Caisse de depot business partner accused of pyramid fraud

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A Caisse de dôt’s business partner accused of pyramid fraud

Quebecers' woolen stocking had invested $150 million US in Celsius Network, which works in the field of cryptocurrency.

Celsius CEO Alex Mashinsky during broadcast on YouTube, May 22, 2022.

In a lawsuit filed in New York state on Thursday, a former Celsius Network business partner accuses the company of being a “fraudulent Ponzi scheme” and putting his clients' funds at risk with his risky practices.

The claimant, Jason Stone, is the CEO of KeyFi, an investment firm operating in the crypto world. In the lawsuit, he claims that his company managed, between August 2020 and March 2021, the equivalent of billions of dollars on behalf of Celsius. To accomplish this, KeyFi integrated the operations of Celsius and formed a subsidiary named Celsius KeyFi.

Celsius acts as a sort of bank in the crypto world. Its clients can deposit cryptoassets there and get a return on their deposits. They can also borrow cryptoassets or cash by placing cryptoassets with Celsius as collateral.

Even if such large amounts were involved, Mr. Stone alleges that no formal agreement had been reached between Celsius and KeyFi, the two companies having instead agreed on a handshake.

In the lawsuit, Mr. Stone claims he quickly saw disorganization, mismanagement and fraud at Celsius and deemed the company's business practices so corrupt that he quit. in March 2021. He is suing the company since he considers that Celsius did not pay him the profits owed to him.

He alleges that he discovered that Celsius had not put implemented basic security controls to protect the billions of dollars in funds entrusted to it by its clients.

Mr. Stone adds that he believes Celsius' practices have harmed the hundreds of thousands of people who use [the platform] and led to the company's current situation.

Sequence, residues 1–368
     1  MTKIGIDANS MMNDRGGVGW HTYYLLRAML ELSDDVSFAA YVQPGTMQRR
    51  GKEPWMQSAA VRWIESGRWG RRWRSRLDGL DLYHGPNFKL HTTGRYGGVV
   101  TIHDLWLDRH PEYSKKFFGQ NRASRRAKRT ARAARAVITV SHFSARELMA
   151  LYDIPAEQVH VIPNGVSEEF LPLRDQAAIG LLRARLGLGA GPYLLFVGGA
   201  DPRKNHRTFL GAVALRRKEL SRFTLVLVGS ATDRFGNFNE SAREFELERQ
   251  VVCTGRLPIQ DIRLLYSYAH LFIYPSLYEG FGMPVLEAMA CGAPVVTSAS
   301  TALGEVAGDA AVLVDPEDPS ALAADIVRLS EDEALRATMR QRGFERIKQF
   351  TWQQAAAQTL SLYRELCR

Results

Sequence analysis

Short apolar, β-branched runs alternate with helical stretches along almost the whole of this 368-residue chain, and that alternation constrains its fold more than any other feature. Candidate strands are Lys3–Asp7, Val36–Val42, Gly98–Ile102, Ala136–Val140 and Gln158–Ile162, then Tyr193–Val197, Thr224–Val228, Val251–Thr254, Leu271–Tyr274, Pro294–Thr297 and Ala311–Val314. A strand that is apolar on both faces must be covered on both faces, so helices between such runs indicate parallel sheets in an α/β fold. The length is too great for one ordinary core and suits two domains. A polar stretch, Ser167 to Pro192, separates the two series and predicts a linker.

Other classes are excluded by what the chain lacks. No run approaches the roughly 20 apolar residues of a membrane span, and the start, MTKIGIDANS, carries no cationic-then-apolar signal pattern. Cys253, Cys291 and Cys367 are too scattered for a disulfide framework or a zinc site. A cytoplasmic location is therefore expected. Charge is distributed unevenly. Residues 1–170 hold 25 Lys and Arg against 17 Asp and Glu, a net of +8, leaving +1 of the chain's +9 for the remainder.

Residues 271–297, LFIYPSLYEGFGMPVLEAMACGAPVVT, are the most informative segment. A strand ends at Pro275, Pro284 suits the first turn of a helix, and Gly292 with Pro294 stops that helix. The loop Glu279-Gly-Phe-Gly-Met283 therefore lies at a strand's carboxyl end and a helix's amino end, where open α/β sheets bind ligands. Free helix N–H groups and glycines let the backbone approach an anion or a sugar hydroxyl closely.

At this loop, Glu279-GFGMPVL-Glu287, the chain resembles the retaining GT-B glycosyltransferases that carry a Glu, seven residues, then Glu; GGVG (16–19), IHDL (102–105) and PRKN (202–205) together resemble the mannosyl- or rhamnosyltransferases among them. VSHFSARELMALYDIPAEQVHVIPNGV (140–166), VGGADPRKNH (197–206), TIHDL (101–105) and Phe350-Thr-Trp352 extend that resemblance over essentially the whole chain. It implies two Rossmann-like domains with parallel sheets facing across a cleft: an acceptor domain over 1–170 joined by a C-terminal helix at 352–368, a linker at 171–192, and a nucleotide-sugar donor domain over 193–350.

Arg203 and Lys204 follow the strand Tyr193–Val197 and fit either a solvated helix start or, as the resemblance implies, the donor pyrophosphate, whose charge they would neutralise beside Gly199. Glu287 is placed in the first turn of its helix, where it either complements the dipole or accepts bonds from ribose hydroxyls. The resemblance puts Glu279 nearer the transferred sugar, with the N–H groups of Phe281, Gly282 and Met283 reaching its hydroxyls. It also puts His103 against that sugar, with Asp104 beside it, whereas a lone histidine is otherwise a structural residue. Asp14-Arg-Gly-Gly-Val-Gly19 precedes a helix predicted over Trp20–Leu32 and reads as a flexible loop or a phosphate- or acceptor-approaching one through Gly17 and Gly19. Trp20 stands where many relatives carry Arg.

Recall that following a collapse in the crypto market, Celsius announced on June 12 that it had suspended withdrawals on its platform. Since then, the company has been silent and its customers no longer have access to the cryptoassets they have entrusted to it.

Jason Stone says Celsius' business model is to use deposits from its new clients to pay returns to its custodians. He alleges that Celsius began offering returns of more than 10% on deposits in February 2021, hoping to attract new customers to weather a liquidity crunch.

As a result, while Celsius continued to portray itself as a transparent and well-capitalized company, it had in truth become a fraudulent Ponzi scheme, the lawsuit reads.

A Ponzi scheme involves finding new investors and using their funds to compensate investors who have come on board earlier. This type of pyramid scheme is considered fraudulent.

Jason Stone also alleges that Celsius used customer deposits to manipulate the value of CEL, a cryptocurrency created by Celsius. The company encourages its customers to use CEL by offering more attractive interest rates if they accept that Celsius pays them their profits in CEL.

According to the estimate of Mr. Stone, Celsius and his managers have little experience in crypto-asset trading and investing, despite the colossal sums entrusted to him by his clients. Shortly before pausing withdrawals, Celsius said it was managing some US$12 billion in cryptoassets for its clients.

Stone says Celsius' lack of experience left the company with between US$100m and US$200m of a hole in its balance sheet when he left in March 2021.

In October 2021, the Caisse de dépôt et placement du Québec (CDPQ) announced that it had participated in a financing round of US$400 million at Celsius, in partnership with a firm private investment.

The Caisse has never publicly disclosed the amount it has invested in it, but a Radio-Canada investigation revealed at the end of May that this amount was amounted to US$150 million.

Joined by Radio-Canada, CDPQ would not comment on the lawsuit against Celsius, but a spokesperson assured that the Caisse continues to monitor the situation closely.

A Celsius representative did not respond to our questions.

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